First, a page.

For the next two hours, the group went through the traditional steps of a Seder. Bitter herbs were dipped in salt water while Rabbi Praver explained the significance the water representing the tears of Jews enslaved in Ancient Egypt.
Taking a bite of the first element of Sunday’s dinner, Jackson Pacchiana grimaced.
“Boy that’s really bitter, and salty,” he commented.
Sitting two seats over, his mother Miranda responded, “It gets the point across, doesn’t it?”
The timing of the Seder, said Mrs Pacchiana, was perfect. She homeschools her son, and the two of them have been studying world religions. Their recent focus, she said Sunday afternoon, has been Judaism. Adam Pacchiana joined his wife and son for the Seder, the first for the family.
Monsignor Weiss read The Story of Passover on Sunday, after which the celebration moved toward what Rabbi Shaver called “one of the thornier issues of the story.” While the next step in a Seder is to list the Ten Plagues, Rabbi Praver cautioned Sunday’s guests that it was not a time for celebration.
“We are taught: Don’t rejoice when your enemy falls,” he said. “It is not a happy occasion.”
He reminded attendees of the anger and hurt Americans felt when photographs were published after 9/11, purporting to be images of others celebrating in light of this country’s losses.
“And yet we continue to create these images,” he said, such as when Americans were in turn seen rejoicing after the death of Osama bin Laden.
The Seder did not include the Shulchan Orech, or the full Passover meal, which Rabbi Praver described as “usually being quite a spread” with the traditional gefilte fish and lamb, among other dishes. It did include each of the elements of Seders, including The Four Questions, the ritual washing of hands, breaking the middle matzah, eating the afikoman, a focus on children, the reading of psalms, the singing of songs, and a cup for Elijah and an invitation for the prophet to visit.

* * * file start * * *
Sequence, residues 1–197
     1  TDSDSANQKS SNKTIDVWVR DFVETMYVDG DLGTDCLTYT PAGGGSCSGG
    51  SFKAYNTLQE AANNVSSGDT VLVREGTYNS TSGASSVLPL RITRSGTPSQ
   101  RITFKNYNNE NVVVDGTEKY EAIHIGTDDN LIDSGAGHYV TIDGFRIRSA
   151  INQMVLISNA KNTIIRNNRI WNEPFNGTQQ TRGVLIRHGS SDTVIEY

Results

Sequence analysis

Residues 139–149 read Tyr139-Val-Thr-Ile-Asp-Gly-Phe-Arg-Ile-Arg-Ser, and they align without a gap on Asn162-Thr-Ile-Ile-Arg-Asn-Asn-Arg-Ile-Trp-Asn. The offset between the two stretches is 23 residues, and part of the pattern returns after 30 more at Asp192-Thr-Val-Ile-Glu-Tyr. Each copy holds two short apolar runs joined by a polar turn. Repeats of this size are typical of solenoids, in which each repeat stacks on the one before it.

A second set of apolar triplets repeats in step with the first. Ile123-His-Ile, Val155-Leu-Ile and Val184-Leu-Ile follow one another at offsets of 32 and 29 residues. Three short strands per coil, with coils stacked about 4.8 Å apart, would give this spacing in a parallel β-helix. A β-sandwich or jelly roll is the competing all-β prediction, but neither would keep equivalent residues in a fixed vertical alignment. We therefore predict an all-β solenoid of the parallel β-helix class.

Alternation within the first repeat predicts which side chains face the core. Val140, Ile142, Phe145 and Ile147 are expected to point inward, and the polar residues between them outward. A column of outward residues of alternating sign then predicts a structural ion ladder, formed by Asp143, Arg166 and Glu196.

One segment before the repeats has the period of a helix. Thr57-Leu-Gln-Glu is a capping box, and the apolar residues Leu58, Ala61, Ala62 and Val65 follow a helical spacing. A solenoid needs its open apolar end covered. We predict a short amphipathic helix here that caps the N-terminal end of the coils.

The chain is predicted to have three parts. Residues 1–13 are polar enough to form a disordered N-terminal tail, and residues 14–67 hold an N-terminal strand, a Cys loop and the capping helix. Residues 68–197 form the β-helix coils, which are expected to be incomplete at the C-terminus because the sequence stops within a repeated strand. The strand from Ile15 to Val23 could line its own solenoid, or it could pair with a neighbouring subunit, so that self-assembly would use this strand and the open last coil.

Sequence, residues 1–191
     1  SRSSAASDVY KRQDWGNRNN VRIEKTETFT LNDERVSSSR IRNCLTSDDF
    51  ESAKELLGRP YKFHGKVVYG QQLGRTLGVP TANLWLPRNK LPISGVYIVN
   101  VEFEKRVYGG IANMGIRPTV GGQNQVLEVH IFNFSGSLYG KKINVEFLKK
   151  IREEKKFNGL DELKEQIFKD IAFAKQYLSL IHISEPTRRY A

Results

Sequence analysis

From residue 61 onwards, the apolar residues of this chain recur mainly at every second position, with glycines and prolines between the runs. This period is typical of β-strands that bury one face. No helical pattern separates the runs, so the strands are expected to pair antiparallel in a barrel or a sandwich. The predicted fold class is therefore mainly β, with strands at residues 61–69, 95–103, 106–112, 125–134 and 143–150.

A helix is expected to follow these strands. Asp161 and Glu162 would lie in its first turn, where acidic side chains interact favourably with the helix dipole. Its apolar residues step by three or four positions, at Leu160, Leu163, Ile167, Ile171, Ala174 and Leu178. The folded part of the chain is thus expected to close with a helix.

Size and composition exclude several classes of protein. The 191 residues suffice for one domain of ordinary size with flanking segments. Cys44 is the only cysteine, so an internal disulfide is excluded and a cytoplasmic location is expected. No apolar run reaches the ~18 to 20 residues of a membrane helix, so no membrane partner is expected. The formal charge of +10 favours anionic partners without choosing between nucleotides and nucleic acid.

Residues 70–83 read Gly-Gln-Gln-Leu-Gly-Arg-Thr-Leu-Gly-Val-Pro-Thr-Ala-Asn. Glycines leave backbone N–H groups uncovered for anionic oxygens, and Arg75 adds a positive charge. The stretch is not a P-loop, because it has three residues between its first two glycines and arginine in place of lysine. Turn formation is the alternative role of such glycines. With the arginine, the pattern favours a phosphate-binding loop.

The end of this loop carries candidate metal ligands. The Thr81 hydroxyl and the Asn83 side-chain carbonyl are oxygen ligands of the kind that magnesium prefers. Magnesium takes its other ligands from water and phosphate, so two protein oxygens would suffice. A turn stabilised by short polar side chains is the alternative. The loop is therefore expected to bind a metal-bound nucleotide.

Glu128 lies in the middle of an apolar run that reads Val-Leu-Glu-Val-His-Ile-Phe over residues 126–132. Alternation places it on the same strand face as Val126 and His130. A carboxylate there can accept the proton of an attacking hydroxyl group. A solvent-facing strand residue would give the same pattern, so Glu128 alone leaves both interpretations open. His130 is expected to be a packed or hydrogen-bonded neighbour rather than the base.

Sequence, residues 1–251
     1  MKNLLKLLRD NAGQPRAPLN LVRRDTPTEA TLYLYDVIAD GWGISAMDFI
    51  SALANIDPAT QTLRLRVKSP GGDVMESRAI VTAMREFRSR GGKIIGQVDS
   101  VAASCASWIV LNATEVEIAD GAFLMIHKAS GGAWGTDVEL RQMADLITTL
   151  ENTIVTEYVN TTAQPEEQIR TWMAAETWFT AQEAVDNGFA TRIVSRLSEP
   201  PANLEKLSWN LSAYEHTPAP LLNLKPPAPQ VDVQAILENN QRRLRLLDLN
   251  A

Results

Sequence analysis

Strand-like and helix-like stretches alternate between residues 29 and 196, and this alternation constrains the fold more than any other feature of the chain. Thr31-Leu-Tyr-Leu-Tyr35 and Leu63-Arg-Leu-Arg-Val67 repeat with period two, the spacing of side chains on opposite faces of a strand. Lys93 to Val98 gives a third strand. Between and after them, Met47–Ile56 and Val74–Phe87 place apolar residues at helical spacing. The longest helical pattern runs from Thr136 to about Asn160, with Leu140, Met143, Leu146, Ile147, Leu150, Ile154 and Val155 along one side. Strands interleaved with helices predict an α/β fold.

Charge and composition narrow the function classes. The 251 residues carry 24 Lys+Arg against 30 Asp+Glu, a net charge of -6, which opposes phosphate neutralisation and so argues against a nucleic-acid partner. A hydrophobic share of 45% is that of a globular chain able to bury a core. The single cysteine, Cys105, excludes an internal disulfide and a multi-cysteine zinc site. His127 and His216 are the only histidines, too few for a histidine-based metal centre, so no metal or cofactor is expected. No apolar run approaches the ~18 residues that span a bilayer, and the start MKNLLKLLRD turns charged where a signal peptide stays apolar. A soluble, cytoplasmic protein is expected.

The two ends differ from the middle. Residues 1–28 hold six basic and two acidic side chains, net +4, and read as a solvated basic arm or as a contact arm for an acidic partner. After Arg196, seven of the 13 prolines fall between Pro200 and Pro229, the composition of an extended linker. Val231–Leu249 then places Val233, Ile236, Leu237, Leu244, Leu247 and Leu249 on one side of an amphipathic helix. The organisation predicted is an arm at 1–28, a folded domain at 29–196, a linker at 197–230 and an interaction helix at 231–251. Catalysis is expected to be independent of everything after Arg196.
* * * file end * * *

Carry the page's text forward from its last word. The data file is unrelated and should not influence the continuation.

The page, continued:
Elijah did appear on Sunday, looking very much like Newtown United Methodist Church Youth Leader Brandon Fox.
The first questions posed to the prophet were very light-hearted, with Rev McIlrath asking if we were done with snow for the season and Pastor Adams-Shepherd wondering if he saw his shadow.
Later, one guest asked what Elijah’s interpretation of mental illness is, within his faith, “in light of what happened here two years ago.”
“Elijah” thought carefully before responding that all men and women need an open mindset.
“We need to be more open to helping rather than stereotypes that will lead to these people being looked down upon,” he said.
A short while later, Rabbi Praver returned to the question, telling those in attendance that “we have to hold together.
“There is a lot of pulling away and the truth is, it takes a lot of love,” he said. “Redemption starts with forgiveness. Serious, civil conversation, with respect. What we see out there is not conversation, what we see is pontification.”
As the celebration came to an end, the 51 attendees joined the local clergy to close with another tradition, saying “Next year in Jerusalem,” before Rabbi Praver encouraged, “Let’s all go from this Seder and try to do better.”